Interested producers should contact their local NRCS, BLM or FS office for more information. Applications for financial assistance must to be filed with the local NRCS office.
May 29, 2009 - The EQIP Public Lands Issue Amendent is now available (PDF, 56KB). The public comment period regarding the amendment subject matter, not the entire EQIP interim final rule, is extended until June 29, 2009.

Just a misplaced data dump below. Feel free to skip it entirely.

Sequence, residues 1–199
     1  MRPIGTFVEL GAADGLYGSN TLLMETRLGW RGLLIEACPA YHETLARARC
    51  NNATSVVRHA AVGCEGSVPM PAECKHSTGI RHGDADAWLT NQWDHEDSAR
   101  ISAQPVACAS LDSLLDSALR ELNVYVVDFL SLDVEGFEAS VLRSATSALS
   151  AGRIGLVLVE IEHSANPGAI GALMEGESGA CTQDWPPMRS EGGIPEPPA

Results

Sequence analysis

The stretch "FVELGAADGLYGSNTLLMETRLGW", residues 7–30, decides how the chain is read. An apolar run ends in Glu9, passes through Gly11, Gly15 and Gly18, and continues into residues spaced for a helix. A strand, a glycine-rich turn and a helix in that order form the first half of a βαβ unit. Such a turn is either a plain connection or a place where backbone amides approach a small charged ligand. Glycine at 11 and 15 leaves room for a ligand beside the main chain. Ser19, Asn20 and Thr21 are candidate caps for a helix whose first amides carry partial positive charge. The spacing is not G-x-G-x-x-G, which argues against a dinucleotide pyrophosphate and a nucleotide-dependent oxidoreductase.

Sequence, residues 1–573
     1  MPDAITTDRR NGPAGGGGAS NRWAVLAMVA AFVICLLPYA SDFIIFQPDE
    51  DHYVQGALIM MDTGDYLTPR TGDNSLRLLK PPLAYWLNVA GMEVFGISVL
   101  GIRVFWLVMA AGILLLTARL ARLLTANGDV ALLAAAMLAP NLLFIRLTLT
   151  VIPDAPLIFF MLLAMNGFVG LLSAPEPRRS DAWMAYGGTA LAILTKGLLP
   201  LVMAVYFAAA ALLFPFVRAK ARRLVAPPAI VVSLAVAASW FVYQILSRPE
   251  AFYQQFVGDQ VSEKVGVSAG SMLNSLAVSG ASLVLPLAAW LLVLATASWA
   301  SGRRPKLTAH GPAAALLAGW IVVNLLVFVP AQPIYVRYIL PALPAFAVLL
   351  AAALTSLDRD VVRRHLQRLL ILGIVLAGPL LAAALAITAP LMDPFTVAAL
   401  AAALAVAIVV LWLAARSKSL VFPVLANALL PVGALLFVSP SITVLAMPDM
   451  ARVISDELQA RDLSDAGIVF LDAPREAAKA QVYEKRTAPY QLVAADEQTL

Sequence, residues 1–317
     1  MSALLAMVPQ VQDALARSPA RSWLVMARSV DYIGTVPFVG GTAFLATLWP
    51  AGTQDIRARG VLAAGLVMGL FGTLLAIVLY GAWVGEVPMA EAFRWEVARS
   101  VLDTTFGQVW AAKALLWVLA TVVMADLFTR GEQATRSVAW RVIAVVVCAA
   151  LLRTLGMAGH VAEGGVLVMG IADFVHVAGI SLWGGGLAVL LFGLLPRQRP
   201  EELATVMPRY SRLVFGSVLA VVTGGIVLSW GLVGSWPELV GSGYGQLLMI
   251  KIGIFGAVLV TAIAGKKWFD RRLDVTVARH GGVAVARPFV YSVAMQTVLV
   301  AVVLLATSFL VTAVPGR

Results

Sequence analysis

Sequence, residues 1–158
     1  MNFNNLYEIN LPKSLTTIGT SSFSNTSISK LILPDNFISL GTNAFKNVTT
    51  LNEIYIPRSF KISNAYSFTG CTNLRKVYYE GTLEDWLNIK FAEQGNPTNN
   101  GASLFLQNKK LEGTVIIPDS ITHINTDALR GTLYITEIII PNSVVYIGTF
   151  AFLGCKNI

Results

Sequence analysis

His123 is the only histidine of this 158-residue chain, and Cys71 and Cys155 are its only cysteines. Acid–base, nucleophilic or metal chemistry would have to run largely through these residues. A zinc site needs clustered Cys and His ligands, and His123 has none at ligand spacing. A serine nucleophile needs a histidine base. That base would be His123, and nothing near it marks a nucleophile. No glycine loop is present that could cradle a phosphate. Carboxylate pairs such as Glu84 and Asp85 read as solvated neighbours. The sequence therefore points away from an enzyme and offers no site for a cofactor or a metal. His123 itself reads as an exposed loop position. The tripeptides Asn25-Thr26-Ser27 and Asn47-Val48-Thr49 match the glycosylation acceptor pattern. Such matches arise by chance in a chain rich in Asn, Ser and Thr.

Under the January 15, 2009, interim final rule (IFR), NRCS, on behalf of CCC, can make an EQIP payment for implementation of a conservation practice on public land provided that the public land is a working component of the participant’s agricultural and forestry operation, the participant has control of the land for the term of the contract, and the conservation practice on public land would contribute to an improvement in the identified resource concern that is on private land. NRCS includes in this Amendment to the IFR an expansion of this exception regarding conservation practices on public land. In particular, NRCS is removing the requirement that the benefit of the conservation practice on public land address an identified resource concern that is on private land. NRCS has determined that the EQIP statute should not be interpreted so narrowly to preclude the ability of private landowners to enroll part of their overall agricultural or forestry operation simply because the resource concerns exist on land, though held by a public agency, that is managed as part of the private landowner’s operation pursuant to a long-term lease from a public agency. Therefore, NRCS is amending the January 15, 2009, IFR to authorize an EQIP contract to include conservation practices that address an identified resource concern on public land where a participant manages such lands as a working component of their agricultural or forestry operation, and the participant has control of the land for the term of the EQIP contract.